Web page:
The site also exposed, as a myth, the time-worn pronouncement that transsexualism is 'extremely rare'. For decades the psychiatric community had promulgated trans-prevalence numbers that were too small by a factor of ~100, thus hiding from the public the large numbers of transpeople who were suffering from discrimination, social marginalization and inadequate health-care. Worse yet, much of the discrimination against transpeople was itself caused by the very same psychiatrists' pronouncements that gender variance was a 'mental illness'.
In April of 2003, a wonderful woman named Sofia Iglesias translated the "Successes page" into Spanish, and we became good friends. Sofia went on to translate even more pages, to help young transitioners in her country Mexico and all across the Americas. As others saw the impact of Sofia's work, volunteers began translations into many other languages; the resultuing international translation project escalated rapidly in scope and coverage, bringing support to ever more trans-people around the world.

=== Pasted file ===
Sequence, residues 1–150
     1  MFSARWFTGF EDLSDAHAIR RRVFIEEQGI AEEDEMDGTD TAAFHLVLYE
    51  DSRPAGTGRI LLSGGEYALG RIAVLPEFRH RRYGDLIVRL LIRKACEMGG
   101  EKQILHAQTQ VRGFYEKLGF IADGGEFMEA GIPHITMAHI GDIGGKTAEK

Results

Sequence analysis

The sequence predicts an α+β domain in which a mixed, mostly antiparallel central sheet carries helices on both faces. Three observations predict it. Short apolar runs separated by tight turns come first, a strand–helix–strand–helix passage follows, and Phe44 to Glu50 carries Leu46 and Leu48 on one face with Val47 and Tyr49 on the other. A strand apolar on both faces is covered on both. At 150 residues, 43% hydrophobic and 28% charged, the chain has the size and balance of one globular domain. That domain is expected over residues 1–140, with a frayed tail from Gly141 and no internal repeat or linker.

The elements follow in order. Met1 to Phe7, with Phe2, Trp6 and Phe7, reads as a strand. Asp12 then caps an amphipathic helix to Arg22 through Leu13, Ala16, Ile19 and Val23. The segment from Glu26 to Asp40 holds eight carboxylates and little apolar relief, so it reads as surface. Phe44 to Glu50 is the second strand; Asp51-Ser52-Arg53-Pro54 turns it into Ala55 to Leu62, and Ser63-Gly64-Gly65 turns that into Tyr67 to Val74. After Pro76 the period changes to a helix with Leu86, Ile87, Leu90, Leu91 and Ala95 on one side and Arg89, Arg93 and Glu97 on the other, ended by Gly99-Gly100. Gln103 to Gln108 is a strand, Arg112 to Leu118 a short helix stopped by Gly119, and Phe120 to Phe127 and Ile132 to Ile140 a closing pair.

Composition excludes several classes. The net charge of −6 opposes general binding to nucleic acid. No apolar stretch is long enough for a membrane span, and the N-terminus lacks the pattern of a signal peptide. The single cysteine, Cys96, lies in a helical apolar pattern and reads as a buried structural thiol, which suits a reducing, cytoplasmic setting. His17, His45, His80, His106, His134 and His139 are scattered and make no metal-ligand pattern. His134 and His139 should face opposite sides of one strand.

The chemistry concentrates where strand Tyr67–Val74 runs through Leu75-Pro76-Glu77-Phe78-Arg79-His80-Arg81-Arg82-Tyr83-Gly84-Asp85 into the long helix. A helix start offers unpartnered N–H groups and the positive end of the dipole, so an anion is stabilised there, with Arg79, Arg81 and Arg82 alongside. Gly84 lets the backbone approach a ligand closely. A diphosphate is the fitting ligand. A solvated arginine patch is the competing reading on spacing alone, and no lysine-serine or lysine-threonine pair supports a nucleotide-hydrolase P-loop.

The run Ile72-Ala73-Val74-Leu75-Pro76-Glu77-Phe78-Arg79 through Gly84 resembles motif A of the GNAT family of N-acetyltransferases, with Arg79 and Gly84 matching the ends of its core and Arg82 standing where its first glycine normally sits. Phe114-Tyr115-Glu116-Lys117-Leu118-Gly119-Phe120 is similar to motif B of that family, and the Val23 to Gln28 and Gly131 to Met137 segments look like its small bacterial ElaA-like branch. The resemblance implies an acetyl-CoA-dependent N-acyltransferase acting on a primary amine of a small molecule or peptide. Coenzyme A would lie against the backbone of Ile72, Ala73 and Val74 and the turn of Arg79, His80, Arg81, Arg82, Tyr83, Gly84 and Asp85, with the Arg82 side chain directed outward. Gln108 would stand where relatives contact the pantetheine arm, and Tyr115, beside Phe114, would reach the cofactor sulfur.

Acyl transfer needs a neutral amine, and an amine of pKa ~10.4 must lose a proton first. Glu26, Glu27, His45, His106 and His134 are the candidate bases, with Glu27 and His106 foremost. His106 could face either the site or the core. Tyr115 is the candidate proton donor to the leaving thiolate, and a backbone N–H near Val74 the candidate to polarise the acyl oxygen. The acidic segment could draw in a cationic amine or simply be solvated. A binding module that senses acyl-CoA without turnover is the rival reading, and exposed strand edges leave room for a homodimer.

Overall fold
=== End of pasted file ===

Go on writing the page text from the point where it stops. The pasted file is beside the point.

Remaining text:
During 2003-2006, the site became a focal point (along with Andrea James' TS Roadmap) for the investigation and exposure of the publication of J. Michael Bailey's transphobic pseudo-science book by the National Academies. The investigation led to Bailey's resignation as Chair of the Northwestern University's Psychology Department, and to his eventual decline into professional indiscretions, disgrace and obscurity. The Bailey fiasco became a defining moment in trans history by exposing psychiatric theories about gender variance to be absurdly unsound, including those of academic psychiatrist Paul McHugh, M.D., a prominent National Academy member. Sadly the Academies never expressed regret for their misguided support and heavy-handed promotion of Bailey's malignant science ‒ giving us 'the silent treatment' instead. They did, however, quietly remove Bailey's embarrassingly unscientific book from the NAP website.